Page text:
It isn’t surprising that Niru K. Pandeya, D.O.’69, FAAOS, FAACS, FAAPRS, FAIS, FICS, received a 2022 Presidential Citation from the American College of Osteopathic Surgeons for his outstanding contributions to osteopathic plastic surgical education for more than 50 years. He is a retired longtime plastic surgeon and surgical educator at DMU and A.T. Still University, a retired chief flight surgeon in the U.S. Air Force and brigadier general and state air surgeon in the Iowa Air National Guard.
What’s impressive is that Pandeya accomplished all that amid numerous obstacles. In the 1960s, many U.S. medical schools and hospitals refused to admit international students and doctors. “I had, perhaps, the largest collection of rejection letters,” says the native of India.
He persisted, graduating from the College of Osteopathic Medicine and Surgery, now DMU, with a passion for surgery. At the time, D.O.s were still considered lesser physicians by some. He was invited to observe surgery at the Cleveland Clinic by two of its plastic surgeons, but he was turned away at the operating room’s entrance by the then-head of the surgery department.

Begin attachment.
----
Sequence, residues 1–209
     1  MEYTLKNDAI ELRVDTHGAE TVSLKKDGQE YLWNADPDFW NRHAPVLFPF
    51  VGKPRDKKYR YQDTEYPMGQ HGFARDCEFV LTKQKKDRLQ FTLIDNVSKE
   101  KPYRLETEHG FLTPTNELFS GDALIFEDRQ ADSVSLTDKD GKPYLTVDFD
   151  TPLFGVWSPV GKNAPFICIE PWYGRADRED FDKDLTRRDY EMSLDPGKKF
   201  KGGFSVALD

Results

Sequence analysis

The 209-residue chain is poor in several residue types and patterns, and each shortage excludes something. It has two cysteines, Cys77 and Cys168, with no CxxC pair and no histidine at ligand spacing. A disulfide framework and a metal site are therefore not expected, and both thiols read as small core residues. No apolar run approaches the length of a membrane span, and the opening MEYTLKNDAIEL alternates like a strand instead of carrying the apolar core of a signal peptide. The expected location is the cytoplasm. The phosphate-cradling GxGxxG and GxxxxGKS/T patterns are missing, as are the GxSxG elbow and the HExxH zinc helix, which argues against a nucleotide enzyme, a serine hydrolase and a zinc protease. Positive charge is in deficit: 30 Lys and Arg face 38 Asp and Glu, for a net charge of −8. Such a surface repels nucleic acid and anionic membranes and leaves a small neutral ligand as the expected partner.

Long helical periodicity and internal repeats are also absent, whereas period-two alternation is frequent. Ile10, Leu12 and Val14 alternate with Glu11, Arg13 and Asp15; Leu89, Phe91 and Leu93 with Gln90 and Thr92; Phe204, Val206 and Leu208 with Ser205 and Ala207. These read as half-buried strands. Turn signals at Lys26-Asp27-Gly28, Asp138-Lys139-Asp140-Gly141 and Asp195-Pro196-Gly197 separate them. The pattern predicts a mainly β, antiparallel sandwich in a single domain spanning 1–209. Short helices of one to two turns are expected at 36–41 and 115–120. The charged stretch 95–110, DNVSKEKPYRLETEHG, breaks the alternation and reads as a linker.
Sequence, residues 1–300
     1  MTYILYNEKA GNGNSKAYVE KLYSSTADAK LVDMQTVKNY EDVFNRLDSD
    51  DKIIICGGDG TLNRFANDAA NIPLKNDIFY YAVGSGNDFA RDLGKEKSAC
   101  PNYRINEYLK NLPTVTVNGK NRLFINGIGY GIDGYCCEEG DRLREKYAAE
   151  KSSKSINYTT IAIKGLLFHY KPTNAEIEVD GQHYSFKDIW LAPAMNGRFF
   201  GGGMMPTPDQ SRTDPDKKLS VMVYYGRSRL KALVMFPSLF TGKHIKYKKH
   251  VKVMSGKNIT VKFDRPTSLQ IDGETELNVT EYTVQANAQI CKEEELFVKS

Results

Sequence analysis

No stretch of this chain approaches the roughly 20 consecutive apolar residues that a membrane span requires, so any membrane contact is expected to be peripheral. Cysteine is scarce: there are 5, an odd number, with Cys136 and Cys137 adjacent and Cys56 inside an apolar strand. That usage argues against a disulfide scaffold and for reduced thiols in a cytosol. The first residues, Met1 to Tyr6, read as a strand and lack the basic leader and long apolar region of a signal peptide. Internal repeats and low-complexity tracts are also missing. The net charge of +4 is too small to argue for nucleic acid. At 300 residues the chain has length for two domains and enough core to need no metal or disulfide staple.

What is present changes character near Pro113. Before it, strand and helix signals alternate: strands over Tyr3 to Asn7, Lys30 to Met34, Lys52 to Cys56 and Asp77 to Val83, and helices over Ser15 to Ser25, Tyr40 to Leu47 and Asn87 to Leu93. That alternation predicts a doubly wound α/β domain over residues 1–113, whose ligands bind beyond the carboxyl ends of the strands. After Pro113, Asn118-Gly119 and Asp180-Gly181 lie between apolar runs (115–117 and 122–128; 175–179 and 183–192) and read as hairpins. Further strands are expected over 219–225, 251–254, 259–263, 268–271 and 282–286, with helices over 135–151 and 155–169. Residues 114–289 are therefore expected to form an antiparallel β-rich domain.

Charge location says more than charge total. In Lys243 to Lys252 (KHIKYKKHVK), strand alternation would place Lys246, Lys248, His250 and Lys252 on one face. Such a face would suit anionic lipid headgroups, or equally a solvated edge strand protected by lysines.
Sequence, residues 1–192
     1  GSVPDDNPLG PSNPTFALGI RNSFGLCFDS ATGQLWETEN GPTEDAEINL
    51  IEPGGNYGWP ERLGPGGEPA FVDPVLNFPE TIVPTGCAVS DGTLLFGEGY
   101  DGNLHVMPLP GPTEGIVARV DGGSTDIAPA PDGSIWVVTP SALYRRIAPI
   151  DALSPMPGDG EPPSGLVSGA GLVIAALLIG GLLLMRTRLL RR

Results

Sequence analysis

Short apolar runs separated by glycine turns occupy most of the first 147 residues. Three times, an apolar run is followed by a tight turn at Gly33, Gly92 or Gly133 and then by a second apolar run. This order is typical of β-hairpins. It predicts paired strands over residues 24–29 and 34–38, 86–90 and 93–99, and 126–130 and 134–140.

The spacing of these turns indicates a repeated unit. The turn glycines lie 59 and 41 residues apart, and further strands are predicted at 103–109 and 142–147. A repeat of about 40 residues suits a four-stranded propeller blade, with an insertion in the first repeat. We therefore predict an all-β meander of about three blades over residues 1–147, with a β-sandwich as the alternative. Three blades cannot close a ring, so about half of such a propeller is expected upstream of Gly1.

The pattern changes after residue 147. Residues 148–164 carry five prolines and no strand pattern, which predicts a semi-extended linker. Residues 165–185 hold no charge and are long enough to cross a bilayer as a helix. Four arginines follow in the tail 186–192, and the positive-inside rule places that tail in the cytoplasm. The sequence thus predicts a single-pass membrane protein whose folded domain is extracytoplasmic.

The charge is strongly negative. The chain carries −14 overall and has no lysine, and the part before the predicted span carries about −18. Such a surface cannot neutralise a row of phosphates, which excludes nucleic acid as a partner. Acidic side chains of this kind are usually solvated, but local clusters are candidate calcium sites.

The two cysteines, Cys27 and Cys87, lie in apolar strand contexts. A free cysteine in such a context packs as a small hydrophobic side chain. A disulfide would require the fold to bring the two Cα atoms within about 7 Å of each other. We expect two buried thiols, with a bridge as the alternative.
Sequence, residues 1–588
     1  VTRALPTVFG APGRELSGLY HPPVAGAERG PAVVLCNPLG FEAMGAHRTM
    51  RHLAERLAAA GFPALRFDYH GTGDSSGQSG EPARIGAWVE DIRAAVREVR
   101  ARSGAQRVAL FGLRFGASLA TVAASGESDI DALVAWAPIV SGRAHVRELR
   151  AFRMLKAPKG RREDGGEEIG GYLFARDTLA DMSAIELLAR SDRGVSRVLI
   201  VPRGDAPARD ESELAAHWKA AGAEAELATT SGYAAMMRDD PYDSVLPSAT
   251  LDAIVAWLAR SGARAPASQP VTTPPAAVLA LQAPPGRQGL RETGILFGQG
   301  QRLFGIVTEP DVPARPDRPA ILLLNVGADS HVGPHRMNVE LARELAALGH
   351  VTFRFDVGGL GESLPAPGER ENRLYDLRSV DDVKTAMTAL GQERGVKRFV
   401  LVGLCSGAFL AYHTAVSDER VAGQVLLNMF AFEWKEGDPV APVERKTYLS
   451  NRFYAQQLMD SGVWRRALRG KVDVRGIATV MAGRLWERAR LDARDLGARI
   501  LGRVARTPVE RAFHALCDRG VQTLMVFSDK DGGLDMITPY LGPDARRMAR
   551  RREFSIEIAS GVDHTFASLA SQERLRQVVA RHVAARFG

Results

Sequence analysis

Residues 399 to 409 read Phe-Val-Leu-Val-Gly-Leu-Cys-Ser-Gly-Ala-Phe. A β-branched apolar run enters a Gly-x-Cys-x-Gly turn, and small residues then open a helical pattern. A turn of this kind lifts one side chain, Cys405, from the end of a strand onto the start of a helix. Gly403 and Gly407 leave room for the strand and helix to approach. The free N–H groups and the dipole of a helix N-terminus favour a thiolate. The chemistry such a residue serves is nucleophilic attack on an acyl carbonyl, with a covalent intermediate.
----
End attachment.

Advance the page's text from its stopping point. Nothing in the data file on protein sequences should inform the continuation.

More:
In addition, when Pandeya wanted to pursue additional plastic surgical training, there were no such osteopathic programs in the United States. Still, he persisted. He completed a two-year fellowship at the Karolinska Institute and Hospital and Umea University Hospital in Sweden, training under Sten Stenstrom, Bengt Nylen and Eric Moberg, who were widely published and had surgical procedures and instruments named after them.
Despite the discrimination he faced, Pandeya expresses gratitude for the mentors he had at DMU and elsewhere, including Howard Graney, D.O.’33, and Norman Rose, D.O.’63, FACOS, FICS, DFACOS, two distinguished osteopathic surgeons at Des Moines General Hospital.
He’s also grateful for the ACOS Presidential Citation and the fact it shows he was able to build a career he enjoyed.
“When you start at the bottom, you get used to getting kicked around,” he says. “But I never thought of giving up. I’m too hard-headed, I guess.”